Time Library Organisation

Daan Leijen daan at cs.uu.nl
Thu Jan 27 09:02:58 EST 2005

Hi all,

I wanted to give a short summary of what has been discussed lately. I 
hope that it can clarify the design space a bit, and give more direction 
to the whole discussion:

(A) We surely want a notion of absolute time. Clearly this must be TAI. 
The nice thing about absolute time is that we can manipulate it 
algebraicly, substracting and adding numbers. This is great for sending 
spaceships to planets.

(B) We need calendars: these are time markers that humans like to talk 
about. A particularly important calendar is UTC! (I think most other 
calendars can be implemented on top of UTC?) Operations on UTC are much 
harder since things as the next day etc. are difficult in certain 
situations. However, calendars are great for specifying mortgage dates 
and appointments.

Let's clearly separate (A) and (B) from each other during future 

There are two issues to be addressed: (1) can we implement A or B? and 
(2) can we convert between the two.

(1) Implementation of TAI: On windows, the "FILETIME" is defined as 100 
nano-second intervals after some epoch (1 Jan 1601 UTC). So, there is 
some basic atomic time available. On unix's we can use libtai.
Implementation of UTC: On windows, the "SYSTEMTIME" supposedly gives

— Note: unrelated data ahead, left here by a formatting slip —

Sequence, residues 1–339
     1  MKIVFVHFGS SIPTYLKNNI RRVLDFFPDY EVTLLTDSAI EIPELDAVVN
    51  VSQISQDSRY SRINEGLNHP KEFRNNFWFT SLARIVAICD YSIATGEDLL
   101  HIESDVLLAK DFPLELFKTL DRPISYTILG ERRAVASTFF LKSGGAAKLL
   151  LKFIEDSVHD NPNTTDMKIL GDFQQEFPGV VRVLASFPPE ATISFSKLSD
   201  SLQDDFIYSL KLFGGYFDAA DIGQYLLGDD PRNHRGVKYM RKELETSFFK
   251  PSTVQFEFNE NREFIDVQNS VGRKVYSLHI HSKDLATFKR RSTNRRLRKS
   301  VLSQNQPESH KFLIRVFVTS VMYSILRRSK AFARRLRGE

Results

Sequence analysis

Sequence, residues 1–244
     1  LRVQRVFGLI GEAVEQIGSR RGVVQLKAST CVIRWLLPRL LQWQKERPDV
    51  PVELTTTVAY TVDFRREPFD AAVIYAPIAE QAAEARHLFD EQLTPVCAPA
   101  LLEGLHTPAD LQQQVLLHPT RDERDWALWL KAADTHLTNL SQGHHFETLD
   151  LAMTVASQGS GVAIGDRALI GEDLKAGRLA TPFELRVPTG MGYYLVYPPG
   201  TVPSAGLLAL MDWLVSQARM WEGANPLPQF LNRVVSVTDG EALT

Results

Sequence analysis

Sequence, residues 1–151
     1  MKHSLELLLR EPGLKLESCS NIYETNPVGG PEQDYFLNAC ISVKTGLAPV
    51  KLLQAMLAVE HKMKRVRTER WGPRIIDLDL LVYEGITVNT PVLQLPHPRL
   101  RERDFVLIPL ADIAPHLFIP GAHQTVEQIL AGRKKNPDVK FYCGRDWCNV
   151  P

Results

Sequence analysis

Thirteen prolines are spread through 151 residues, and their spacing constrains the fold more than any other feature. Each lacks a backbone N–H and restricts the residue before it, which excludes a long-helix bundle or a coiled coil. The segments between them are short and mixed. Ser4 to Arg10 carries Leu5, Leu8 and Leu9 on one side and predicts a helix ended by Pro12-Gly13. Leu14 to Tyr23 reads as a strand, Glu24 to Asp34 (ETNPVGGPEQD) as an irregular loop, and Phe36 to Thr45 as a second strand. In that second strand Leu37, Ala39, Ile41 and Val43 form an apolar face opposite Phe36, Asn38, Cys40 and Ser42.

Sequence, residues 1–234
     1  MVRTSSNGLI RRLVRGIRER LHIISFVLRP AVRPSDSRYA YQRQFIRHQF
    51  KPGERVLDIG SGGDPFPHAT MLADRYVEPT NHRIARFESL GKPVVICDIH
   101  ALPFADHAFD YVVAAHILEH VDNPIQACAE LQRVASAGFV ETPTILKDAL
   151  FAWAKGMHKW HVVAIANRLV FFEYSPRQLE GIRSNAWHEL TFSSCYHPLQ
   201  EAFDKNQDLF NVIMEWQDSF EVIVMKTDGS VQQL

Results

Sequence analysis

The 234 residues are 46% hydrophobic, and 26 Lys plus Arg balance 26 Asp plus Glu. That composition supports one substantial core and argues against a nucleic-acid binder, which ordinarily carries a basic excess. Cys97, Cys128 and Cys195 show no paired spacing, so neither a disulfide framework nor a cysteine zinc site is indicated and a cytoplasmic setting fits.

UTC, on unix I believe that "gettimeofday" and friends supposedly give UTC

So, the good news is that we can support both (A) and (B) on most 
systems. Furthermore, we can do a pretty good approximation of either 
one if the OS is broken (and a language should not fix the OS!)

(2) We can convert TAI to UTC (and back) up to half a year in the 
future. So, the banks should use UTC internally, and spaceships TAI, but 
you can not have both in general (or better, in the future :-)
This also makes clear that the library should provide both (A) and (B), 
and can not get away with just (A) or (B).

Here are some concrete ideas about the design of a library for (A) and 
(B) -- actually, I think that Simon has already done most of this!

(A) The absolute time should be held in an Integer that holds pico 
SI-seconds (or something as precise). The number 0 represents the epoch: 
a calendar date (UTC) where TAI says the counter started running (when 
is that actually?). Negative numbers are times before that date, 
positive numbers are times after that date. Of course, most TAI 
computations will be relative to each other, where the epoch doesn't 
matter at all -- it only matters for conversions to calendars like UTC.
(btw. this also means that for almost any application that uses TAI, we
can approximate it reliably using UTC without leap seconds)

(B) The UTC time should probably be held in a big record with fields for 
years, months, days, etc. To provide for leap seconds, functions must be
provided for roll-overs: ie. some minutes will have 60 seconds. 
Futhermore, there is a function that converts between TAI for any date 
up to half a year in the future (after which it becomes unreliable :-) 
Another design decision could be to hold UTC time too in a big Integer 
of pico UTC-seconds and use a few formulas to convert to/from a 
year/month/day.. record. A problem might come up with leap seconds 
though (hmmm, is that true?)

(C) And of course, someone should think about other calendars than UTC: 
can we always derive those from UTC or TAI?	However, a first *concrete* 
library for just TAI and UTC (+time zones) would already be great.

-- Daan.

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